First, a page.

13 Pin Plug, Ash Dhir, Caravanning, Caravans, Sterling Caravans, Swift Factory, Swift Group, Swift Talk, Touring, transportation, Travel Trailers
We had been invited on a visit to the Swift factory by Ash Dhir via the Swift Talk forum. We were staying at Bridlington, so it was about a 50 minute drive south from Bridlington to Cottingham where the factory is located. Thursday was going to be another warm sunny day but the forecast was for the weather to break for the weekend. We had a lazy morning, deciding not to do much except potter about the camp site. I replied to some emails and a couple of odd jobs on the van… the emptying or refilling of the various containers that were connected by umbilicals to the caravan and the general wander round with a micro-fibre cloth in one had and a sprayer containing One Dry in the other attacking anything that looked like a dirt mark, deceased bug or a spot where a fly decided to commit suicide on the trip over. Sandwiches prepared…. with beef from the farm shop up the road we set off for Cottingham about 12:30.
I would have loved to be able to show you photos taken on the tour, unfortunately Swift, for very good reasons, don’t allow it on site. Having worked in industries in the past where even having a camera on site was a career limiting move, I don’t have a problem with their restriction.
We were met at Reception and taken over to a conference room in part of the main factory where we met Ash Dhir and a number of his colleagues. We were given an introduction to Swift, which is still a family owned and run company and taken through a number of their internal processes which not surprisingly were all geared round the product, maintaining quality and standards and feeding back to the right people any issues that had been raised by customers.
Swift are the only manufacturer in the industry (that I know off) to run their own forum, and I don’t think its a secret that they know other manufacturers keep an eye on the forum, but what did surprise me was the level of involvement that all the senior staff have with the information that is gained from Swift Talk. Running a forum, can be a labour intensive activity but for Swift, making that commitment has been worth it. All the information about even the smallest issue is taken on board and reviewed. At the end of the presentation, we were asked if we had any questions, and I chipped in my two cents about the green cap and the 13 pin plug that I’d written about in The 13 Pin Plug Puzzle after a couple of questions had been raised on Swift Talk and Caravan Talk. It seems that Ash and his colleagues had taken on board the problem and there were ongoing investigations within Swift. Before setting off, I did check the stats for the number of visitors to the 13 Pin puzzle page and there had been nearly 800 people visiting it from the link on Swift Talk… nearly 1200 visitors from Caravan Talk and somewhere in the region of 400 visitors from volvoforums.org.uk more than any other car owners forum. (as I’m not a Volvo owner and its a closed forum, I’ve not a clue how they got onto the 13 pin plug puzzle!)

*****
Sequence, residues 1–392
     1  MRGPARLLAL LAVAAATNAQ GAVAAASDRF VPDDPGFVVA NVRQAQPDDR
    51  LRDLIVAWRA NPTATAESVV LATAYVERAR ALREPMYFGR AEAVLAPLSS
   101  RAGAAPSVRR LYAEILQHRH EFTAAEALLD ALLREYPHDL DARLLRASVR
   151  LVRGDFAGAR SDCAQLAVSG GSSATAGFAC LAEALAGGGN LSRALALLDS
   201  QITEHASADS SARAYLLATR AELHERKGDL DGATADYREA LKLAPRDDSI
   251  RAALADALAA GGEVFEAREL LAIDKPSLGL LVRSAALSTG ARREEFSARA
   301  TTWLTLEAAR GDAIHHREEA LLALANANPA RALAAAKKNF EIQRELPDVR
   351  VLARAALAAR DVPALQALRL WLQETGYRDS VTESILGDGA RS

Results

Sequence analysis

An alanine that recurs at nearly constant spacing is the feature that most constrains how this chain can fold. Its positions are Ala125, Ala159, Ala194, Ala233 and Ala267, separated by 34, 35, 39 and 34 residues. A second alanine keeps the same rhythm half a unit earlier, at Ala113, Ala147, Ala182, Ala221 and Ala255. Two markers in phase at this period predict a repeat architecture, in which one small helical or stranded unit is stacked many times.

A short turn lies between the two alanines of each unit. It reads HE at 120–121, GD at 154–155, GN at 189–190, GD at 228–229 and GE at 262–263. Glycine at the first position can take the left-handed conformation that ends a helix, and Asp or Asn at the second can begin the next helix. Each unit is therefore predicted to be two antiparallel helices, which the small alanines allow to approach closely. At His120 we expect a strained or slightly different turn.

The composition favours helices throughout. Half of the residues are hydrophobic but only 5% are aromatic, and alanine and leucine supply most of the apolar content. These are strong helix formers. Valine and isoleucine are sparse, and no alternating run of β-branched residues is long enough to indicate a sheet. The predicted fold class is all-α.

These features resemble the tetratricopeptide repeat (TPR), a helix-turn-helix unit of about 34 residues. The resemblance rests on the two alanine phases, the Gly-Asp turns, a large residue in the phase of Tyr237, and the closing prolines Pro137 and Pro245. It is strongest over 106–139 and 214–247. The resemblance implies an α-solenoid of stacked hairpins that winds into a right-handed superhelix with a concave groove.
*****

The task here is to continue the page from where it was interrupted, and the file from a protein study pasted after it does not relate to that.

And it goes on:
After the Q & A session, we broke into three groups and set off round the production facility. It is obvious that Swift are investing heavily in technology and to watch some of the automated machines produce components was fascinating… but equally as fascinating was watching people on the factory floor finishing off components by hand, it looked so easy, but I don’t think any of us would have made it look so simple.